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J Hosp Med. 2016 Dec;11(12):869-872. doi: 10.1002/jhm.2645. Epub 2016 Aug 13.

Residents' self-report on why they order perceived unnecessary inpatient laboratory tests.

Author information

1
Department of Medical Oncology, Therapeutics Research, City of Hope, Duarte, California.
2
Department of Medicine, Hospital of the University of Pennsylvania, Philadelphia, Pennsylvania.
3
Perelman School of Medicine, University of Pennsylvania, Philadelphia, Pennsylvania.
4
Leonard Davis Institute of Health Economics, University of Pennsylvania, Philadelphia, Pennsylvania.
5
Crescenz VA Medical Center, Philadelphia, Pennsylvania.
6
Department of Urology, John Hopkins Hospital, Baltimore, Maryland.
7
Department of Vascular Surgery, Hospital of the University of Pennsylvania, Philadelphia, Pennsylvania.

Abstract

Resident physicians routinely order unnecessary inpatient laboratory tests. As hospitalists face growing pressures to reduce low-value services, understanding the factors that drive residents' laboratory ordering can help steer resident training in high-value care. We conducted a qualitative analysis of internal medicine (IM) and general surgery (GS) residents at a large academic medical center to describe the frequency of perceived unnecessary ordering of inpatient laboratory tests, factors contributing to that behavior, and potential interventions to change it. The sample comprised 57.0% of IM and 54.4% of GS residents. Among respondents, perceived unnecessary inpatient laboratory test ordering was self-reported by 88.2% of IM and 67.7% of GS residents, occurring on a daily basis by 43.5% and 32.3% of responding IM and GS residents, respectively. Across both specialties, residents attributed their behaviors to the health system culture, lack of transparency of the costs associated with health care services, and lack of faculty role models that celebrate restraint. Journal of Hospital Medicine 2015;11:869-872.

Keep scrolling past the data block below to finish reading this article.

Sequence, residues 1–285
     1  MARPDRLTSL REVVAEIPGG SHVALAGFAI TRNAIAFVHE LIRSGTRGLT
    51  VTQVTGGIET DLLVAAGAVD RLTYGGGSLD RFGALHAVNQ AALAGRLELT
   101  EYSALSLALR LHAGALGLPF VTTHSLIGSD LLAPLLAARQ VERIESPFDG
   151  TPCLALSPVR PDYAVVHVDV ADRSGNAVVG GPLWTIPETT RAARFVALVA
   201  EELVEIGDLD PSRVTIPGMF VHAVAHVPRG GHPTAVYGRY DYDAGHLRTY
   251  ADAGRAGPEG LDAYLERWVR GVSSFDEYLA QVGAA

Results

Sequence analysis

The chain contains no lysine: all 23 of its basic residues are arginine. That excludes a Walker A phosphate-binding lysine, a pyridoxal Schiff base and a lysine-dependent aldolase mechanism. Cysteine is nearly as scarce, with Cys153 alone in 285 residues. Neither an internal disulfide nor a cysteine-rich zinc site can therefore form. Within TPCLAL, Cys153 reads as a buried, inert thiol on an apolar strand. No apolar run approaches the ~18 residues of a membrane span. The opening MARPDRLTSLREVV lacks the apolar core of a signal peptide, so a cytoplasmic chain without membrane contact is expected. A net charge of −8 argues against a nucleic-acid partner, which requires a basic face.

PMID:
27520384
DOI:
10.1002/jhm.2645
[Indexed for MEDLINE]

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